Final Quiz, Part III: What Left Me Wanting More

Earlier this week I posted part II of the final pop quiz I give to my nonmajors biology class. By now, you probably already know that the quiz asks three questions:

  1. What was the most important thing you learned about biology this semester?
  2. What is something you think you’ll never forget?
  3. What is something you wish you had learned more about?

The third and final post on this quiz summarizes the answers to #3.

Want more

Student responses: what they wish they had learned more about, categorized by unit

As before, unit 1 = chemistry, cell structure, metabolism; unit 2 = DNA, genetics, inheritance; unit 3 = evolution, diversity; unit 4 = ecology and environmental problems.

One problem with this question is that it was unintentionally ambiguous. I intended for students to describe interesting topics that I had omitted entirely or that we covered too lightly. But a few students evidently misunderstood the question to ask about topics they hadn’t learned very well. For example, one student wrote that she wished she had learned more about chemistry, “Because it will be the death of me on the final.” Another wanted more about animal diversity, “Because I will need it for the test.”

Despite this small glitch, most responses suggested that students understood my intention. In fact, the small number of votes for unit 1 confirms this impression: I spend a lot of time on chemistry, going into some depth on the structures and functions of the molecules in food. This topic is abstract and difficult, so it is hard to imagine many nonmajors students wanting more chemistry than what they are getting in my class. (And yes, I have considered cutting back on chemistry, but I like the topic and have a hard time dropping any of it!)

Units 2, 3, and 4 were approximately tied; I am glad to see this breadth of interest among my students. In unit 2, we explore topics like DNA function, mutations, viruses, genetics, inheritance, and DNA technology. Students especially seemed fascinated by mutations; seven of them mentioned wanting to learn more about diseases and traits associated with particular mutations. Most of the rest wished they had learned more about cancer or genetics.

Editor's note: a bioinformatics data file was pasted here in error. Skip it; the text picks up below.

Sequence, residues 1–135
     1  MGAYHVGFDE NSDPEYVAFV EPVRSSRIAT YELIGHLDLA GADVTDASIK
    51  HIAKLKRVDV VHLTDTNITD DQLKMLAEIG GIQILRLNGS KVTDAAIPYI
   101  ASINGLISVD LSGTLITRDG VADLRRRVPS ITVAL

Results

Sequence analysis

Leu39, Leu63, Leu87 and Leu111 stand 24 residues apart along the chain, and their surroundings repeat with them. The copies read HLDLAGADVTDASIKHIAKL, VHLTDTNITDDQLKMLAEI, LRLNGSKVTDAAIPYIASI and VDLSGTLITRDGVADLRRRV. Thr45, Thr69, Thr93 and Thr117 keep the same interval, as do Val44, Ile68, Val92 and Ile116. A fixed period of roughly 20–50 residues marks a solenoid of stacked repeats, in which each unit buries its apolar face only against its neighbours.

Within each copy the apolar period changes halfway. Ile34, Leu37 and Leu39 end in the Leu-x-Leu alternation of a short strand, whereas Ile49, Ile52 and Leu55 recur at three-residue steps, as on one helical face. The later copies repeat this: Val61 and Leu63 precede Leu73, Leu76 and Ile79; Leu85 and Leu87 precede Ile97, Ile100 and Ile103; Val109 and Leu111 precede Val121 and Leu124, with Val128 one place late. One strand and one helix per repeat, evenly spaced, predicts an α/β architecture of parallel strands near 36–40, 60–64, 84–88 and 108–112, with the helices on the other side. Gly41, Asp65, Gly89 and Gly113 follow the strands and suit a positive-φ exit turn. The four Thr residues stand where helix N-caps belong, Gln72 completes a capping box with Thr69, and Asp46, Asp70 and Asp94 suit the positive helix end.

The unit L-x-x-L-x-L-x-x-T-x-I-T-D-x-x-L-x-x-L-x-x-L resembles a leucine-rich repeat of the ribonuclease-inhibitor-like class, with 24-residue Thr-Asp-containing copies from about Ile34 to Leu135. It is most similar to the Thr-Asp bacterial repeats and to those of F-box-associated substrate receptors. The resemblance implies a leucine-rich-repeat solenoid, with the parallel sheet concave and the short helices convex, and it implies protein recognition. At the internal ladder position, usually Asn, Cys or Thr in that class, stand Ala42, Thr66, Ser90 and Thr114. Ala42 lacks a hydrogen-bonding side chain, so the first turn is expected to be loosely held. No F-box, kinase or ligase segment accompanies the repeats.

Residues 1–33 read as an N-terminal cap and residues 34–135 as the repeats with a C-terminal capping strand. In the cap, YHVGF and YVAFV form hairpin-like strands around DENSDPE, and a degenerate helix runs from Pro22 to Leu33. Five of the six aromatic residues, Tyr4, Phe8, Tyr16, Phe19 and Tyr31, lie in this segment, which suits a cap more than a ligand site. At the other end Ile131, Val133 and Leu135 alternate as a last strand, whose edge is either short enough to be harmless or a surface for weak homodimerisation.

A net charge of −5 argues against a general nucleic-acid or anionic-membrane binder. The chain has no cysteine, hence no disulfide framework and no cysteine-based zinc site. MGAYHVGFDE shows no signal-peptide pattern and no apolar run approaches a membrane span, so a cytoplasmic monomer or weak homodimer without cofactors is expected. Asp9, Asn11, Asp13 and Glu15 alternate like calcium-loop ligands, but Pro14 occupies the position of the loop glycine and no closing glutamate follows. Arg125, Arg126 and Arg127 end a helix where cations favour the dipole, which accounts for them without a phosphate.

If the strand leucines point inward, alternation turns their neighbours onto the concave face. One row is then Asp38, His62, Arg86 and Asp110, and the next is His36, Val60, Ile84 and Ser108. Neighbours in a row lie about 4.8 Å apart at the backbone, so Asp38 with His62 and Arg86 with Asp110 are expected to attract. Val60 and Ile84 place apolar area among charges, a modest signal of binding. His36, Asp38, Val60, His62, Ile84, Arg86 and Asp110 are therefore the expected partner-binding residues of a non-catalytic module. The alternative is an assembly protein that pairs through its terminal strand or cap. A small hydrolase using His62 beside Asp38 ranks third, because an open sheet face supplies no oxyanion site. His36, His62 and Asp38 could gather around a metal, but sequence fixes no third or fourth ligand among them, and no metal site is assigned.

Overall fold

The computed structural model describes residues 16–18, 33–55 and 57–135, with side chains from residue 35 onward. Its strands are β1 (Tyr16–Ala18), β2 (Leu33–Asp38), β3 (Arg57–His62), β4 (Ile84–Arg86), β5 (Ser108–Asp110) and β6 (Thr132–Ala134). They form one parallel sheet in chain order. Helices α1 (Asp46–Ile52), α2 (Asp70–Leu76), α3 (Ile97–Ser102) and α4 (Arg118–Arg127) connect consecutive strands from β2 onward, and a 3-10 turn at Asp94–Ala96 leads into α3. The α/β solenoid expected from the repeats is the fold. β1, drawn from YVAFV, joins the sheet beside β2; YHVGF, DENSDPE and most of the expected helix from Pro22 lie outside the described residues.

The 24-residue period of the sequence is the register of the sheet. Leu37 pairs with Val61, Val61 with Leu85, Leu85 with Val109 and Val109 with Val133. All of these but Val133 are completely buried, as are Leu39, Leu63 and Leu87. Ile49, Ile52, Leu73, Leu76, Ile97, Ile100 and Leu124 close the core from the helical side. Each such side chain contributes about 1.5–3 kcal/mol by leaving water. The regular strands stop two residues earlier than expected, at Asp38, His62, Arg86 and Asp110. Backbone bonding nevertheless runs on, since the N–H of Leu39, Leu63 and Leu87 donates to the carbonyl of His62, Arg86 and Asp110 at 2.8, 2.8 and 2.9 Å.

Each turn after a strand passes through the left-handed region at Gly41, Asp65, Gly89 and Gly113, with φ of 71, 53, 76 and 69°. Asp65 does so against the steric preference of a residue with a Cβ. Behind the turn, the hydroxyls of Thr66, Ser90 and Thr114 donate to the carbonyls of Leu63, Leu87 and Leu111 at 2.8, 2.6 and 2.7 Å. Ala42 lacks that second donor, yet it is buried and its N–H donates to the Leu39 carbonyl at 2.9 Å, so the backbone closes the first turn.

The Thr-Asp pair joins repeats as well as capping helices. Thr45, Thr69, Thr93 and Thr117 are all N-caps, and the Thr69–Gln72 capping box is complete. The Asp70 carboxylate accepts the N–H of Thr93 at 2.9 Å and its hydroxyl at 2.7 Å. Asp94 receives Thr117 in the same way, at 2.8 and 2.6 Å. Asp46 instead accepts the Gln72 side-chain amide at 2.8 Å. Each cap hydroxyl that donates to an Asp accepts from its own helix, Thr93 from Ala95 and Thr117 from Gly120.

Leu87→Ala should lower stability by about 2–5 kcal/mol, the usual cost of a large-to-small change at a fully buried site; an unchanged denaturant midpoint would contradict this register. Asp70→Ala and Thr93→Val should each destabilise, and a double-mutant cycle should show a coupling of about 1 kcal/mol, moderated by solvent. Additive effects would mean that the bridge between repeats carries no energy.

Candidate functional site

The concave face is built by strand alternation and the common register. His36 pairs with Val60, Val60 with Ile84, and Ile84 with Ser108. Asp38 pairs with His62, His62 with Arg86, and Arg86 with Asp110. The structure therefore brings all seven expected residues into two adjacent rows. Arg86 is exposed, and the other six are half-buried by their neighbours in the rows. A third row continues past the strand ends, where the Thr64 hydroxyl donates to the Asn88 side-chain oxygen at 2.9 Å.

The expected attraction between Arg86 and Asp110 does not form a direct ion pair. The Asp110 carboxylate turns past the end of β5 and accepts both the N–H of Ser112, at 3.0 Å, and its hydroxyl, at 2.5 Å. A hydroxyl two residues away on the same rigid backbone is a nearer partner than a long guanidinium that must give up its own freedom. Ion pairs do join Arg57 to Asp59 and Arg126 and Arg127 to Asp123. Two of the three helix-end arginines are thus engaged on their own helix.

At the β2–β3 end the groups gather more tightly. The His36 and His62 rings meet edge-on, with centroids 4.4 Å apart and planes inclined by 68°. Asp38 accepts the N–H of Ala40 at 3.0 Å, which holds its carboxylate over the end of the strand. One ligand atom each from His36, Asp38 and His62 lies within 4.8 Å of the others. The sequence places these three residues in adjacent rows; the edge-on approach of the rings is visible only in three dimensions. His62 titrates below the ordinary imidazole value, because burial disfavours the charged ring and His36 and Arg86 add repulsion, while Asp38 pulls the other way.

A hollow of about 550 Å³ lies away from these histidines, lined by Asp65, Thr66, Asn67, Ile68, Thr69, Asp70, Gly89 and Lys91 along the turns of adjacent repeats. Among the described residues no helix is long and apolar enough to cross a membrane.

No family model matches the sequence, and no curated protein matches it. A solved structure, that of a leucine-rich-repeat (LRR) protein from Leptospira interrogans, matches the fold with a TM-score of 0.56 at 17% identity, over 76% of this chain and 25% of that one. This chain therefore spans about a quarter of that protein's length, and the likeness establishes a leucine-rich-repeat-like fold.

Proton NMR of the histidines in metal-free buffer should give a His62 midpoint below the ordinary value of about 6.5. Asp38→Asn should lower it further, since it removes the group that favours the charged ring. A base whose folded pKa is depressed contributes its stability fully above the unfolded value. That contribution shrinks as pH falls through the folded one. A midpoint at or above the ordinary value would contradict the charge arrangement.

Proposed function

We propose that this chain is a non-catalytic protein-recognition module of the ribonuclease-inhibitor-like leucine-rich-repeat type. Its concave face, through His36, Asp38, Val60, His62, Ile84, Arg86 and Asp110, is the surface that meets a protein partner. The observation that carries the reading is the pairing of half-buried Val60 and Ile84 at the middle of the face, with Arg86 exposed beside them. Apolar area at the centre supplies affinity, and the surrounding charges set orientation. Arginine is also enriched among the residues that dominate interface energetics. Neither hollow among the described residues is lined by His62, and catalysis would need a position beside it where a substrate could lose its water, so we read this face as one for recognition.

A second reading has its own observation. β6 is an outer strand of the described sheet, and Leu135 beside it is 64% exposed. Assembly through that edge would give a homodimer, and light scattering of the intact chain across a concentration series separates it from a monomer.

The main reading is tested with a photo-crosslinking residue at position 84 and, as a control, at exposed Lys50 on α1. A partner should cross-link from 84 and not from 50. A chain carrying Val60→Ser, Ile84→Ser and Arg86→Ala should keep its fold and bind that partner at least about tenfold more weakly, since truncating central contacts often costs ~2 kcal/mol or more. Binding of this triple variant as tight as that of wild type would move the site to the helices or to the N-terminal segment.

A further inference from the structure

In unit 3, the consensus was clear: Animals RULE. Seven students wanted to know more about animals, and six wanted more about human biology in particular. A few wanted more about biodiversity in general, with two specifically wanting more on evolution (a gratifying thought)!

Unit 4 was about ecology, and 11 of the 14 students who mentioned unit 4 topics chose “Environmental problems.” If you’ll recall from my first post on this quiz, this topic was also the highest vote-getter in the question about the most important thing students learned. It was also the only “unforgettable” topic from unit 4 (see the second post). If students think environmental problems are important and unforgettable, and they want to know more, then they are sending a strong signal that I might want to spend more class time on the topic.

One thing to notice about all three quiz questions is that at least some students think any given topic is the most important, or unforgettable, or covered in insufficient detail. This makes me think I am striking a fine balance. On the other hand, if we only consider the top vote-getters for each question, then students are likely to want more on human disease, the human body, other animals, and the environmental problems we cause.

If I were to give in to these preferences, what would I give up? My course is called Concepts in Biology, not Human Biology, so I’m reluctant to give up photosynthesis, plants, protists, and prokaryotic cell structure. The challenge is to help students understand why a well-rounded person recognizes the importance of nonhuman organisms, too. I will know I am successful when future students write that plants and microbes are the most important, unforgettable, and underrepresented topics in biology.

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1 Response to Final Quiz, Part III: What Left Me Wanting More

  1. Pingback: End-of-Semester Advice from Students: 2014 edition | Teaching nonmajors biology

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